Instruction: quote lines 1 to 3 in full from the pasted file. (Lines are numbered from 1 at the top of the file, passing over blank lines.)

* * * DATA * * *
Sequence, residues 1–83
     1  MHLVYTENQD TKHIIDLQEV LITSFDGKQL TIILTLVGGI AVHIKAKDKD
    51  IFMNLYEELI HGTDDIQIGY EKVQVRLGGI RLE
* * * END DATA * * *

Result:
Sequence, residues 1–83
     1  MHLVYTENQD TKHIIDLQEV LITSFDGKQL TIILTLVGGI AVHIKAKDKD
    51  IFMNLYEELI HGTDDIQIGY EKVQVRLGGI RLE